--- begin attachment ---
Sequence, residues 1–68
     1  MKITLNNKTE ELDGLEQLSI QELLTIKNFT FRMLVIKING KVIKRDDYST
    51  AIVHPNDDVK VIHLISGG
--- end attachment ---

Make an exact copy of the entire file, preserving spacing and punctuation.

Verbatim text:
Sequence, residues 1–68
     1  MKITLNNKTE ELDGLEQLSI QELLTIKNFT FRMLVIKING KVIKRDDYST
    51  AIVHPNDDVK VIHLISGG